• Friday, May 24, 2024
businessday logo

BusinessDay

No short-cut to academic excellence except hard work – ASUU boss

businessday-icon

 Lecturers in tertiary institutions in the South-East region have said that they are marching to the much-touted South-South Education summit (SEES) to let stakeholders know that there can be no short-cut to academic excellence other than hard work on the part of students and adequate/consistent funding by proprietors (governments).

Luke Uzoigwe, the vice chairman, Academic Staff Union of Universities (ASUU), Imo State University (IMSU) chapter, an engineer, made the declaration when the organisers of the SEES paid them visits to meet stakeholders such as university lecturers and administrators in the region.

The two-day summit is being organised by a private sector initiative led by Praid-Applied Ventures, a licensee of Applied Scholastic International, which holds on May 9 and 10, 2013, at Imo Concord Hotel in Owerri, Imo State capital. According to Uzoigwe, an enthusiast for educational development, the team‘s visit has encouraged him and his executives from at least the 11 faculties in IMSU to participate.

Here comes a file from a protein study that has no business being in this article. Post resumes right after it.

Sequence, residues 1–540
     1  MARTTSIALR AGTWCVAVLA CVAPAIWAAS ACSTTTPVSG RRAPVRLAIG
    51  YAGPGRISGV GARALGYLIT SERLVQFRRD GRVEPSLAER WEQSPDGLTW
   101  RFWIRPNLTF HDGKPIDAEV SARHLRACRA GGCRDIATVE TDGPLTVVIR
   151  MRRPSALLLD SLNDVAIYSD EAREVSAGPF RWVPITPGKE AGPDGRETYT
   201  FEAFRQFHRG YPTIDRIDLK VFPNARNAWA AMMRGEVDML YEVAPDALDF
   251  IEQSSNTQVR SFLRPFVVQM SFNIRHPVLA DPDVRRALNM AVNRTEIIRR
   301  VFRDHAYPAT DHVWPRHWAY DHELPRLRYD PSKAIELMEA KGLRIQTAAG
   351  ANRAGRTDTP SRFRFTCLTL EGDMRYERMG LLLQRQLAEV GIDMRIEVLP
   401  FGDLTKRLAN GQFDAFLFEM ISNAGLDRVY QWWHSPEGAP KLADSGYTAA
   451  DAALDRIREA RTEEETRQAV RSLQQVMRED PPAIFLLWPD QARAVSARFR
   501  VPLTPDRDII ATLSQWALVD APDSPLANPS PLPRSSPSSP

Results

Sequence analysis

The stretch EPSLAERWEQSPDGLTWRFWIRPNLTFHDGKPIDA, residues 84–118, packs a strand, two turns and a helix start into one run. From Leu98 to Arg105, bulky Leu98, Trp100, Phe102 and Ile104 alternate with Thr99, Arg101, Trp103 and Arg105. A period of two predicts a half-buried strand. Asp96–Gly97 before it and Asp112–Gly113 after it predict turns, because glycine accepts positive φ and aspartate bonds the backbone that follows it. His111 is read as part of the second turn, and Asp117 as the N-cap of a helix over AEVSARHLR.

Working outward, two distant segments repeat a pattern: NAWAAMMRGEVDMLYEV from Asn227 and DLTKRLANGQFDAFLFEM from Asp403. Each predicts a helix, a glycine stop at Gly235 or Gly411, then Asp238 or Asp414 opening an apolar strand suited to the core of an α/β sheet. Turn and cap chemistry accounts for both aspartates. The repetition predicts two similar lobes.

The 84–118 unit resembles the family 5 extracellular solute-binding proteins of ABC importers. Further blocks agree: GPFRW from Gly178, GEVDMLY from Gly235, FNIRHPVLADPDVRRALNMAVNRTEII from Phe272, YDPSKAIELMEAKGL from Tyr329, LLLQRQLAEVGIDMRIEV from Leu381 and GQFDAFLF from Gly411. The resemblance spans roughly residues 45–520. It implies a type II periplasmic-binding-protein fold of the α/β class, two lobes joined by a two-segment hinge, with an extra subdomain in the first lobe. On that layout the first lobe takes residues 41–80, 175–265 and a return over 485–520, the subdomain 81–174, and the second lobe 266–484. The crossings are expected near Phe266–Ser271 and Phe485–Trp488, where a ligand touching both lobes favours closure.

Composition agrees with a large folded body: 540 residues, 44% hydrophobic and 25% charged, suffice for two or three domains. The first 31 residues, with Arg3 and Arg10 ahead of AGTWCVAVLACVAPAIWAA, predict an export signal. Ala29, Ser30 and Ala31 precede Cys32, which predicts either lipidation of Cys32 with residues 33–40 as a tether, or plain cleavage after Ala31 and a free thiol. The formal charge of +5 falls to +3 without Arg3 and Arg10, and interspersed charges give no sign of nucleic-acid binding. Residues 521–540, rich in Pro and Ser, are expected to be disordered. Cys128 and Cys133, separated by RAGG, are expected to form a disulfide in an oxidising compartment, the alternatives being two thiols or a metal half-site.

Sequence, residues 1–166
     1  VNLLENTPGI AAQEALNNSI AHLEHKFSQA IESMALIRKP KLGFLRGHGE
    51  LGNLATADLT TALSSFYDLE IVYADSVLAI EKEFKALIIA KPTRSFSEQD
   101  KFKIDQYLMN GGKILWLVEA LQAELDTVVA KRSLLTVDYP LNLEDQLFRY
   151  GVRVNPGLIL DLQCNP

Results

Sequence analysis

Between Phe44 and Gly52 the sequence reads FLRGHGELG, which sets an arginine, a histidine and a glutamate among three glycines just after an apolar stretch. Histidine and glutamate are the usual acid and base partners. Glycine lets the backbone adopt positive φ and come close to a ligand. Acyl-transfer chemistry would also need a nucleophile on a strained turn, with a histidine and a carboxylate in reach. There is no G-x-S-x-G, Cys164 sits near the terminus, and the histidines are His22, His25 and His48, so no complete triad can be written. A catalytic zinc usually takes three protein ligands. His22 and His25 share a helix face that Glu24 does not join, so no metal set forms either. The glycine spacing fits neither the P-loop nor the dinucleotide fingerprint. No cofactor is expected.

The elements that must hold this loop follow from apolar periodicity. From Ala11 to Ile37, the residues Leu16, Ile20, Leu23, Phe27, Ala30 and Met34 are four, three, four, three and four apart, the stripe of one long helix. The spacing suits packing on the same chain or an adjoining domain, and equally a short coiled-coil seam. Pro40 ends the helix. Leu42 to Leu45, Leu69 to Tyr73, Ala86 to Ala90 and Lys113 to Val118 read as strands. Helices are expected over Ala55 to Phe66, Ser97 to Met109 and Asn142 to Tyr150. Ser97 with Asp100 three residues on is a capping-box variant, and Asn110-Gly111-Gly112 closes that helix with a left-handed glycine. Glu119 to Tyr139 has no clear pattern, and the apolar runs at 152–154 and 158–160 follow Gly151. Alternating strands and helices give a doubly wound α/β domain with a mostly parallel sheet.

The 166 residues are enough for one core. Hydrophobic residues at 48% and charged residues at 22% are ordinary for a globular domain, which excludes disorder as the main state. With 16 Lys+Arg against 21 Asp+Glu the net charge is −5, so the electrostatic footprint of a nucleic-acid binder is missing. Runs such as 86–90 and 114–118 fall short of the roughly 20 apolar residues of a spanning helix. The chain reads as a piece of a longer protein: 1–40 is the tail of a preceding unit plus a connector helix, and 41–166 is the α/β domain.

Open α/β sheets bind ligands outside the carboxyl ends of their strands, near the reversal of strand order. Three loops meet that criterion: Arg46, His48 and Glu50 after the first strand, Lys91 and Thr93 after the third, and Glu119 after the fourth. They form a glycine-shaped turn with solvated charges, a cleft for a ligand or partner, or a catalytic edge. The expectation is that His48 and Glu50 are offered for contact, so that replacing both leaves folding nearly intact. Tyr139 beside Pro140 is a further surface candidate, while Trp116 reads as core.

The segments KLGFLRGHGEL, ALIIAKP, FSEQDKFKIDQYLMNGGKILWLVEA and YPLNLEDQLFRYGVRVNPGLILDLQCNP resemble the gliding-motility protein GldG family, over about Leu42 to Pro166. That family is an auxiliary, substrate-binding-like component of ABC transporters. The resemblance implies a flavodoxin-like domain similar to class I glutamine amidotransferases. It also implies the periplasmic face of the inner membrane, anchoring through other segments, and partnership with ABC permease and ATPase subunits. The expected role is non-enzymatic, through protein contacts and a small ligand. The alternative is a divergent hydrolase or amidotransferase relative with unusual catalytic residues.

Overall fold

The ASUU leader stated: “They will not be helping themselves by missing it, rather they will be there to contribute to the communique that will be delivered to all parts of Nigeria so that students will know the importance of education as at now.”

He said he saw the effort of the SEES organisers as complementary to the one made by ASUU over the years by telling government that education standard in Nigeria must follow the benchmarks of 26 percent for UNESCO, ILO and UNICEF. He regretted that the current level of two percent voted to education in the annual budgets would not lead to growth in the education sector.

For Imo State, Uzoigwe said the level of investment has increased especially with paying of school fees for students. “I wish it continues so that other people coming after him can also continue with free education so as to allow more people to access education in the state.”

The ASUU leaders defended lecturers on the issue of falling standards and award of grades but observed that some students that were not sound enough to study in a university have found their way there, setting traps and casting aspersions on lecturers. He said ASUU has disciplinary procedures for erring lecturers, saying those who wanted to know the true records of things should come to the universities instead of staying far away to cast aspersions.

He however admitted that not all lectures were free of blame but advised students to work very hard as a fundamental step for success.

 

IGNATIUS CHUKWU